Rooftop Revelations: Policing in the aftermath of Michael Brown, George Floyd

on Feb26
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After the deaths of Michael Brown and George Floyd rocked America, the policing profession came under immense scrutiny, unfair or not. Many Americans grappled with how to better policing, but their often politically motivated agendas caused them to talk past one another. Look no further than the defund the police debacle that cost innocent lives, demoralized many police officers and left many citizens cynical. 

However, beneath this political noise, there were police officers who saw this as an opportunity to reevaluate their profession. Lou Jogmen, police chief for the Highland Park Police Department, was one of them. Pastor Corey Brooks welcomed him to the roof on the 98th day of his 100-day rooftop vigil to raise funds to build a transformative community center on the South Side of Chicago. As they sat before the campfire, the pastor welcomed the officer warmly.

“You’re the chief of police of Highland, but you’re going to be the president of the Illinois Association of Chiefs of Police,” the pastor said. 

“Yes, sir. A 1,300 member organization trying to professionalize law enforcement,” Jogmen replied.


“We all have seen the turmoil and the hardships that have gone on across our country,” the pastor said. “What are we doing in the state of Illinois, the chiefs, to help with that tension that we’re experiencing from police and community?”

“In Illinois, we are trying to take the lead in that area,” Jogmen said. “The more hearts, minds and voices that we can put together, we’re really going to make a difference. And so one of the groups that we’ve partnered with years ago and are continuing that partnership, was the NAACP, Illinois. And we’ve come up with what we think is a groundbreaking kind of agreement in law enforcement, and it’s called the 10 Shared Principles of law enforcement.”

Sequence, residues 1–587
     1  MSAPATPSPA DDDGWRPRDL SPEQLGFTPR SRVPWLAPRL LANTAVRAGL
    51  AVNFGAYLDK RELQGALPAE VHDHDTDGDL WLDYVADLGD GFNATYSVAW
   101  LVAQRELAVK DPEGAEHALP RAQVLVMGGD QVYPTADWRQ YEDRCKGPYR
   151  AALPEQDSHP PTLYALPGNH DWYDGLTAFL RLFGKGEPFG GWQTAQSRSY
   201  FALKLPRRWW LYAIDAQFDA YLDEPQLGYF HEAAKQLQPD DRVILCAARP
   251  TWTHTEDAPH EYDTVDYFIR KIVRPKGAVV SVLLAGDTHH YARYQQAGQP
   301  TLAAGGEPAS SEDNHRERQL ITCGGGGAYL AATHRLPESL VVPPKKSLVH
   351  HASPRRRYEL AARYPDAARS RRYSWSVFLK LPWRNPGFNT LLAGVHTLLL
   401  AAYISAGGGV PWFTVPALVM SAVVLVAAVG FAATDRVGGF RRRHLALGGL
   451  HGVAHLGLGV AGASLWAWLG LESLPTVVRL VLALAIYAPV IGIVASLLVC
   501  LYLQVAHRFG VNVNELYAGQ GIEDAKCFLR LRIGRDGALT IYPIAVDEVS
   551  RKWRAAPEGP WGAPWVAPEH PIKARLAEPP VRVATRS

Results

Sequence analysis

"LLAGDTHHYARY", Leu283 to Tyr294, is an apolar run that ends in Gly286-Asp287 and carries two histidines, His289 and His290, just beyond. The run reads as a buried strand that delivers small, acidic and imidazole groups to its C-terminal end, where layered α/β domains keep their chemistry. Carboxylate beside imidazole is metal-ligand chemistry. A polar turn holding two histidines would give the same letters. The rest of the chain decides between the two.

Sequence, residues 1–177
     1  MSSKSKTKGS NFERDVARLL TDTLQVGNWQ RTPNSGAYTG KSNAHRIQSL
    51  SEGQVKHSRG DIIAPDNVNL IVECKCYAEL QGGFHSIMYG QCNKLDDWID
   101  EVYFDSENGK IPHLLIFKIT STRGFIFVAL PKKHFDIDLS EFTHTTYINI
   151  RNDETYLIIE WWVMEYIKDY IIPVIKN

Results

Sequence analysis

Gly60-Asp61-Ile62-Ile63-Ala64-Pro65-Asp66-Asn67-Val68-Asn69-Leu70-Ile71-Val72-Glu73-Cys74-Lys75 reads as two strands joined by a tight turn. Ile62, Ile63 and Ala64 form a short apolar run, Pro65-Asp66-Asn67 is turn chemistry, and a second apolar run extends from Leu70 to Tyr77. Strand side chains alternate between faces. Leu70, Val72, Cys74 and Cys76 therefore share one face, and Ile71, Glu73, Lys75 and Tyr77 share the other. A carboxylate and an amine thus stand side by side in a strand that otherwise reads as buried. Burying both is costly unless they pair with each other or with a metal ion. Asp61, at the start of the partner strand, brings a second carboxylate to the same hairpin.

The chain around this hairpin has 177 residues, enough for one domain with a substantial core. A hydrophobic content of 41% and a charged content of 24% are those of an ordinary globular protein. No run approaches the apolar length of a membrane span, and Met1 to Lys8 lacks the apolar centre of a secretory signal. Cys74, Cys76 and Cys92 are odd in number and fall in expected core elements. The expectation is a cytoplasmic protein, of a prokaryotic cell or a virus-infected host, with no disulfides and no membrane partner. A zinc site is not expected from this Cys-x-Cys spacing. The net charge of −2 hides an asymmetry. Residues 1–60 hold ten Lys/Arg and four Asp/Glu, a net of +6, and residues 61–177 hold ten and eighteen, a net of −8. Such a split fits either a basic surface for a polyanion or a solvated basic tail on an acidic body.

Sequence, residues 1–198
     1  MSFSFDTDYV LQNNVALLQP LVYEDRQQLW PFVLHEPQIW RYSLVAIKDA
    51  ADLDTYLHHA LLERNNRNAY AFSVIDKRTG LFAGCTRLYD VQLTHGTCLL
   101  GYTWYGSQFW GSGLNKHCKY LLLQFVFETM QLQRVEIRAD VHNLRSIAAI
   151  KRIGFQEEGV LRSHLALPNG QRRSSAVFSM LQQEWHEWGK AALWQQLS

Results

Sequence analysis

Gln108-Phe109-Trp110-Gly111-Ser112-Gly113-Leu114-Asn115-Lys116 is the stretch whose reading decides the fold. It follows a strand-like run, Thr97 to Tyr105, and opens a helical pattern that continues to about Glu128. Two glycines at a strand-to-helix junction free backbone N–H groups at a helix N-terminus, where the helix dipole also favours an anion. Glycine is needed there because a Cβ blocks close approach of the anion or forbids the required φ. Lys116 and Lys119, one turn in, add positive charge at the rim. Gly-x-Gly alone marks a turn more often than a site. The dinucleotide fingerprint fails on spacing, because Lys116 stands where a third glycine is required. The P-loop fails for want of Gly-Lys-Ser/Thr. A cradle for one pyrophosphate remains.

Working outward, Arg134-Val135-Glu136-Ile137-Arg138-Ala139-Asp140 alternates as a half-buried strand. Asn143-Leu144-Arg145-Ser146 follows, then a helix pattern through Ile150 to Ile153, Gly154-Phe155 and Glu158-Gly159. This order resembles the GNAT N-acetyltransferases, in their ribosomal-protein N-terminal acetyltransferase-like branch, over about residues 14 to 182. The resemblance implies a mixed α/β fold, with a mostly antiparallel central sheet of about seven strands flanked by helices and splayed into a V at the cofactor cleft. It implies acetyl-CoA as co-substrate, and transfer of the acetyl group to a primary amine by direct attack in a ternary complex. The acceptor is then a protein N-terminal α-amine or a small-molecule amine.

“What makes that different than the other states?”

“There is no other state where the leadership at the NAACP and a police organization has come together to work together through these issues,” Jogmen replied. “We really owe it to each other to focus on the things that we all have in common. And what we all have in common, every one of us – doesn’t matter where you live, black, white, what country you live – is that need for security, the need for safety, the need to not be victimized.”


“We talked about valuing life. That’s certainly [principle] number one, and treating people with dignity and respect,” Jogmen continued. “The eighth principle is [that] there is ownership on the community to understand what it is the police do. The community’s going to say, ‘Listen, I may not agree with everything I see. If I see something, I may think for instance, I see it in the movies, it may happen in TV and I hold that officer to that standard,’ and it’s not realistic, right? And then our officers are held to this unrealistic standard. Sometimes things happen, and they’re lawful, but awful. I mean, violence is ugly—”

“That’s a good way to put it—”

“But it’s legal and the officer had to do it. So when the officers aren’t supported on those [incidents], they retreat. And the community’s retreating. So, when we get it wrong, we mess up, we fess up, and we have to own that. And we have to deal with those folks. And we will. When our officers get it right, they need to feel like they’re being supported.”

“They need the support.”

“They have a million contacts a day in law enforcement across the country, and we are getting it right the vast majority of times. But when we don’t, we want to hold ourselves accountable, and the NAACP, they want to hold us accountable,” Jogmen said. “The eighth shared principle, the ownership is on our community to say, ‘I’m going to take the time to attend a citizen’s police academy. I’m going to learn about what the police do, so when I do see it on TV, I’m like, okay, that looks terrible, but that officer did their job to keep people safe.'”

Jogmen added that it is not just law enforcement and NAACP that are beholden to these 10 principles. He then revealed that AT&T recently signed onto these principles and now shares them with their massive employee base.